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The Feelings in the Feud: The Emotional Turn in the Study of Medieval Vengeance

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Chapter Summary

This chapter questions whether one can emphasize the emotional dimension of feuds and ignore their legal, political, and economic dimensions without implicitly primitivizing this practice; and whether one can posit that the emotional impulse to take revenge is built into human brain without espousing what Marshall Sahlins has called the position of "vulgar sociobiology" that "innate human drives and dispositions.are realized in social institutions of a corresponding character". It examines recent work on feuding by Paul R. Hyams and studies of vengeance by Richard W. Kaeuper and Daniel Lord Smail, all of whom claim that emotional impulse to avenge wrongs is the cause of feuding and vengeance-killings, and suggests that this impulse is innate to humans. It shows that their arguments are undercut by close readings of two literary texts, La mort le roi Artu, the final section of Lancelot- Grail Cycle, and Raoul de Cambrai, a chanson de geste.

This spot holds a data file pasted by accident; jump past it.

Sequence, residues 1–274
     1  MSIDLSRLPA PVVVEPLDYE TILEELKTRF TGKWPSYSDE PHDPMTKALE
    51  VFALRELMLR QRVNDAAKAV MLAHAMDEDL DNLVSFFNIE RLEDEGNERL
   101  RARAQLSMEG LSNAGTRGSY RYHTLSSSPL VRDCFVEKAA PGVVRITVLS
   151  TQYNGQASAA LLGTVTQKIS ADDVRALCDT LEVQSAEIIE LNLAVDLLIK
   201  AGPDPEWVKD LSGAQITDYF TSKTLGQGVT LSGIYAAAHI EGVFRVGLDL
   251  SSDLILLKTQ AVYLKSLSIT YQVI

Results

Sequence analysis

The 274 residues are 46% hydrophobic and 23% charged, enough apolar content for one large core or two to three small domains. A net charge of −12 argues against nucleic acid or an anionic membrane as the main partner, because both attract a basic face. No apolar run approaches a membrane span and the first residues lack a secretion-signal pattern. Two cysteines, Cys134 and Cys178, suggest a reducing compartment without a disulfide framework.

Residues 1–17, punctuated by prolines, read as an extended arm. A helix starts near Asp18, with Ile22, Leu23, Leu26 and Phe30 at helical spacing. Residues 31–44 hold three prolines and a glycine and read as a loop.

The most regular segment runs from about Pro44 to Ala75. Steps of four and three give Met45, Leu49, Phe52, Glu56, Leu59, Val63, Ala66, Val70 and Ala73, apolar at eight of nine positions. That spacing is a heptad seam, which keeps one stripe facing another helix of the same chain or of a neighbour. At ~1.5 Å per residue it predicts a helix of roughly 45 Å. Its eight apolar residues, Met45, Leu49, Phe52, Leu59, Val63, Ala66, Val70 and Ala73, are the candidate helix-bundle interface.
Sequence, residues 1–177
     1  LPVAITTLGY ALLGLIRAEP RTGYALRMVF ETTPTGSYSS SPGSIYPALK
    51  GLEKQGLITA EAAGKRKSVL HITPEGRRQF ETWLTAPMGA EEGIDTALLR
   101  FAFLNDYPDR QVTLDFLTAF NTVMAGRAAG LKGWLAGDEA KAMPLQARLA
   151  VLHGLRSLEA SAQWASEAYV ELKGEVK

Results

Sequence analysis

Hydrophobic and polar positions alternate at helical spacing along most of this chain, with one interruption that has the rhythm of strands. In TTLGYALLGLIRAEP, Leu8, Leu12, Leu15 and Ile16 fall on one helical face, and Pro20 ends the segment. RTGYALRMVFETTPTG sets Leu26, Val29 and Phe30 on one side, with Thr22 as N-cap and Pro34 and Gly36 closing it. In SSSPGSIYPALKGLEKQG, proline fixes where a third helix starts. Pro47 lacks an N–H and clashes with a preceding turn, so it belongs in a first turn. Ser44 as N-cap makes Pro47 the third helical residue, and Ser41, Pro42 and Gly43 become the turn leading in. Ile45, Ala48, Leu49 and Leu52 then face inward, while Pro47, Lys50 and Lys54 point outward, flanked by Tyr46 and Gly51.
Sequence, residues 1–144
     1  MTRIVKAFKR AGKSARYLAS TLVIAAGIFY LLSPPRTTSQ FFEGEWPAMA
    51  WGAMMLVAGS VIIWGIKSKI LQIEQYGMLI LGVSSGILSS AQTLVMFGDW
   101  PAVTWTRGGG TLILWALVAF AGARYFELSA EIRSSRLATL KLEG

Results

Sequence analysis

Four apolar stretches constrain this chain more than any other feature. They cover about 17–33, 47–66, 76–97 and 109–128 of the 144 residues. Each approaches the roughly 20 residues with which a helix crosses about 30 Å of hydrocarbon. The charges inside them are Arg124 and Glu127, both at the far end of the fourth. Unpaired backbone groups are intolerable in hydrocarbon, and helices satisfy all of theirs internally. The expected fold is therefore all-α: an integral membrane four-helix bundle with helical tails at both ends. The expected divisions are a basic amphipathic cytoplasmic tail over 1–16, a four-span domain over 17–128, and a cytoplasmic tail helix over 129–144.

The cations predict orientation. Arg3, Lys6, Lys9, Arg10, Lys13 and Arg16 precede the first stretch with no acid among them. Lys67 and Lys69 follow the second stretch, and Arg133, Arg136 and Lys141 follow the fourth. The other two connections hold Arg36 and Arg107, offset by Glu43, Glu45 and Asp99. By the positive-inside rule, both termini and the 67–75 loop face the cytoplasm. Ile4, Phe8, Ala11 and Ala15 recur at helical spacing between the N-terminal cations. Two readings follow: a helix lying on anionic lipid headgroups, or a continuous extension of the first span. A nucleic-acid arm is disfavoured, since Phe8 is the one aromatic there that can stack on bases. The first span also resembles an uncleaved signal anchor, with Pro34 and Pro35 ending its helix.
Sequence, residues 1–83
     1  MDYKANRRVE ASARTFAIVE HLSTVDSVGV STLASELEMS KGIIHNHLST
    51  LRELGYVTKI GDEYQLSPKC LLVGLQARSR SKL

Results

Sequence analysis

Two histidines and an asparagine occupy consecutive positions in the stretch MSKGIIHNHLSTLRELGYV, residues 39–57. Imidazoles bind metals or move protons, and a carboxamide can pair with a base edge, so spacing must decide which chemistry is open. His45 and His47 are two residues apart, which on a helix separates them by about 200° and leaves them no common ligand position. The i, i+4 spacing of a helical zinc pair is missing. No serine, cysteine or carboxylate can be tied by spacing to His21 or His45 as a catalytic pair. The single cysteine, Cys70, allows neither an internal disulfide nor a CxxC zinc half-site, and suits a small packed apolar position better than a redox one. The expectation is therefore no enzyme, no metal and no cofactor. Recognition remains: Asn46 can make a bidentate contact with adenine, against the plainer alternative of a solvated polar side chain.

Keywords: economic dimensions; emotional dimension; feud; La mort le roi Artu; Lancelot- Grail Cycle; Paul R. Hyams; revenge; Richard W. Kaeuper; vengeance



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